Chimamanda Ngozi Adichie's 10 new quotes on Feminism that will inspire you

Author of bestselling Americanah and We Should All Be Feminists, Adichie inspires us with these quotes from her new must-read, Dear Ijeawele.

  • Published:
Chimamanda Ngozi Adichie. play

Chimamanda Ngozi Adichie.

(Neil Hall/Reuters)
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Chimamanda Ngozi Adichie's new must-read guide to raising feminist daughters, Dear Ijeawele, Or a Feminist Manifesto in Fifteen Suggestions is packed with essential quotes, advice and inspiration for parents and non-parents alike.

Dear Ijeawele by Chimamanda Adichie play

Dear Ijeawele by Chimamanda Adichie

(Penguin shop)
 

The "little book," as Adichie describes it, began as an email to a friend who was worried about raising a daughter in today's social climate. She asked Adichie for advice on raising a feminist daughter. The author responded with an email that eventually turned into a Facebook post that eventually turned into this book. A statement on womanhood, motherhood, and feminism today, Dear Ijeawele, Or a Feminist Manifesto in Fifteen Suggestions is an essential read for anyone who is concerned with gender politics in the 21st century.

These 10 quotes from the book about feminism will inspire you.

ALSO READ: Adichie's latest, Dear Ijeawele, urges us to raise a generation of feminist

1. “I don’t think of myself as a feminist activist… I think of myself fundamentally as a storyteller. I’m not a feminist activist; it’s not a label. I’m feminist, fiercely so. I will always be. I have always been.”

Chimamanda Adichie play

Chimamanda Adichie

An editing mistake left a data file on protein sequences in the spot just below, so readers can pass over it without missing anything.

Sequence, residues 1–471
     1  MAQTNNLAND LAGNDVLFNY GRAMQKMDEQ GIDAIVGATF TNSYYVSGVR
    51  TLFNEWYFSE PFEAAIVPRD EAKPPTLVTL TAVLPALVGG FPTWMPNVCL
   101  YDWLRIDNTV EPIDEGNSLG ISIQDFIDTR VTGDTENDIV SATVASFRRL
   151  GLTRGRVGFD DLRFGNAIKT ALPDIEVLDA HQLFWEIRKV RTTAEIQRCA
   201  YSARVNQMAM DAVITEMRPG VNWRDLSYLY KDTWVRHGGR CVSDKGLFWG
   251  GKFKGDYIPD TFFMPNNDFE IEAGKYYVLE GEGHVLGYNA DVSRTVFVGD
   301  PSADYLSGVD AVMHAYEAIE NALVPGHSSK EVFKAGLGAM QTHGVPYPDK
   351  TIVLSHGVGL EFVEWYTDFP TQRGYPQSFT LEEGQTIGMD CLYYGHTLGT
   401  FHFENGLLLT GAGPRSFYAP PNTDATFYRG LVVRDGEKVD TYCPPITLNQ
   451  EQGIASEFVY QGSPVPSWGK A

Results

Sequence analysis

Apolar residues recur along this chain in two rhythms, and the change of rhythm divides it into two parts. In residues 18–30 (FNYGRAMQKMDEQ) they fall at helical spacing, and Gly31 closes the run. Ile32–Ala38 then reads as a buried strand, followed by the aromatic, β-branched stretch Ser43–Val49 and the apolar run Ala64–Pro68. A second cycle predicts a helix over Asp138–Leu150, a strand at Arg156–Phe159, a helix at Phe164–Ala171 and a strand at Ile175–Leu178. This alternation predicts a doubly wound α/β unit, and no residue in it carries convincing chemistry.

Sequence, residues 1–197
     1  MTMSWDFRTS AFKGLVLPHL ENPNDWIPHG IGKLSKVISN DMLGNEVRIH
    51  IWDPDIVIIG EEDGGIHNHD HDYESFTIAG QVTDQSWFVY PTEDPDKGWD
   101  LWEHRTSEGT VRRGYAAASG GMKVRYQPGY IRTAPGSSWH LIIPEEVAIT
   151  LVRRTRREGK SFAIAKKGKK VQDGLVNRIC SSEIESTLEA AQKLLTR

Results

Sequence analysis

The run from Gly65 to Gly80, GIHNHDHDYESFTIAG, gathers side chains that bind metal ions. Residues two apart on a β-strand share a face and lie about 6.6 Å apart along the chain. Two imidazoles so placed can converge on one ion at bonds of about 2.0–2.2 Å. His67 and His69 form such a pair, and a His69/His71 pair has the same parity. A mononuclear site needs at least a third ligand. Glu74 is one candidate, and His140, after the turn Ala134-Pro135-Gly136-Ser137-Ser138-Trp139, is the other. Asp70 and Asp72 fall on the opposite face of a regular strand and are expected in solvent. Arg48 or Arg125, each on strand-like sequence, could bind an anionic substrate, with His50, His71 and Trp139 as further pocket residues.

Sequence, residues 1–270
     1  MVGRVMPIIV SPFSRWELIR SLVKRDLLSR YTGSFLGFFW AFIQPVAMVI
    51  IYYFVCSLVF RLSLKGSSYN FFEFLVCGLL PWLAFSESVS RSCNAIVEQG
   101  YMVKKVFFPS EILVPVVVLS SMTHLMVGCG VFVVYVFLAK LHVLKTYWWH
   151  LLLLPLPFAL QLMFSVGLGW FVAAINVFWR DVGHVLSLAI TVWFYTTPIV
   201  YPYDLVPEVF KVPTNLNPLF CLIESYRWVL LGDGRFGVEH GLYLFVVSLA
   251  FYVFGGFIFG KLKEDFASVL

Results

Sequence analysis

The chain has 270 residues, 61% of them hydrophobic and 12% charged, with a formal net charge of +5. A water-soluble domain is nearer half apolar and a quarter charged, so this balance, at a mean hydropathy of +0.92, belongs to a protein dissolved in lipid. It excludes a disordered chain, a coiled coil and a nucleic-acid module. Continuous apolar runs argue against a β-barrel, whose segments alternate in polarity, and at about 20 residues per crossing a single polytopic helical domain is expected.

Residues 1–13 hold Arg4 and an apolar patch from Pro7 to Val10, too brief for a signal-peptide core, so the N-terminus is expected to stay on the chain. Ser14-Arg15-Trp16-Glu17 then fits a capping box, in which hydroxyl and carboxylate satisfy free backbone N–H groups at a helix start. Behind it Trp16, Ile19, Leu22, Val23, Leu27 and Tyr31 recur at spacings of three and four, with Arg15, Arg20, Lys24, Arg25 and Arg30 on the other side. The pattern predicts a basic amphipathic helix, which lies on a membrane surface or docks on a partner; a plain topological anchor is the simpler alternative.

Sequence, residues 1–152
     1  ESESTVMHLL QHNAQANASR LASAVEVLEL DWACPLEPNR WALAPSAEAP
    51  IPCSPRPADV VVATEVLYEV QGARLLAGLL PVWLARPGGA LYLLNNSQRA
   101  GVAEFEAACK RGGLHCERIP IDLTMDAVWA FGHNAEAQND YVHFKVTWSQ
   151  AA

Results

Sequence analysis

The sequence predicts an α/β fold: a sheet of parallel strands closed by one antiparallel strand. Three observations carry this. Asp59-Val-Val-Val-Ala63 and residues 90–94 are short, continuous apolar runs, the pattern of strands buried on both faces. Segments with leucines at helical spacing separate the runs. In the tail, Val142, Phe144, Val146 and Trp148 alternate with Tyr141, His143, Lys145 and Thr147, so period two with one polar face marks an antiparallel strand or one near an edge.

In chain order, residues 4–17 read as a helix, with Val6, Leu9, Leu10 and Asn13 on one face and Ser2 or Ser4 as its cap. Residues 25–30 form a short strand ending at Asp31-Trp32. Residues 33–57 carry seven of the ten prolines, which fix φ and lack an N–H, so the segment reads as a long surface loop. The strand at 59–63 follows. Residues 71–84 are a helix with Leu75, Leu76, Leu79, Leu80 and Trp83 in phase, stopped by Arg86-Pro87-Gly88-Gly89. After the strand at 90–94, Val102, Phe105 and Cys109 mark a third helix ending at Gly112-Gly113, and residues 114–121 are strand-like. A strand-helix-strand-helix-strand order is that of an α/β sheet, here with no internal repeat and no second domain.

2. "I think it’s very important  that a woman start out with the premise that she matters equally. I think that’s really important. And if you start out with that premise, then the decisions you make will fall into place, in a way. I say that because I think many societies condition women to think of themselves as just slightly below men, and then it makes it easier to justify many of the things women are deprived of. And we decide to say, the premise is different. The premise is full equality."

3. "Feminism isn’t a cloak that I put on in the morning and take off at certain times. It’s who I am. I look at the world through eyes that are very alert to gender injustice, and I always will."

4. "I would often think to myself, 'Why are women and girls made to care about people who they genuinely don’t care about?'"

5. "It’s not about individual women; it’s about a system."

6. "I know I’m able to have empathy for men who have been assaulted, who’ve suffered. I don’t need to imagine that they’re my brother or my husband."

Chimamanda Adichie play

Chimamanda Adichie

(Bustle.com)

 

7. "The whole goal of feminism is to become redundant. My dream is for a world where I won’t have to call myself a feminist because there will be gender justice. And to get there, it has to be a mass movement."

8. "I’ve been a feminist since I was old enough to think, really. I’ve always been the kind of person who thinks that men and women are equal, full stop."

9. "I find that I’m lonely in my rage about sexism. And that loneliness informs my rage."

10. "I don’t want to sit with someone who thinks that women are objects. I just don’t want to."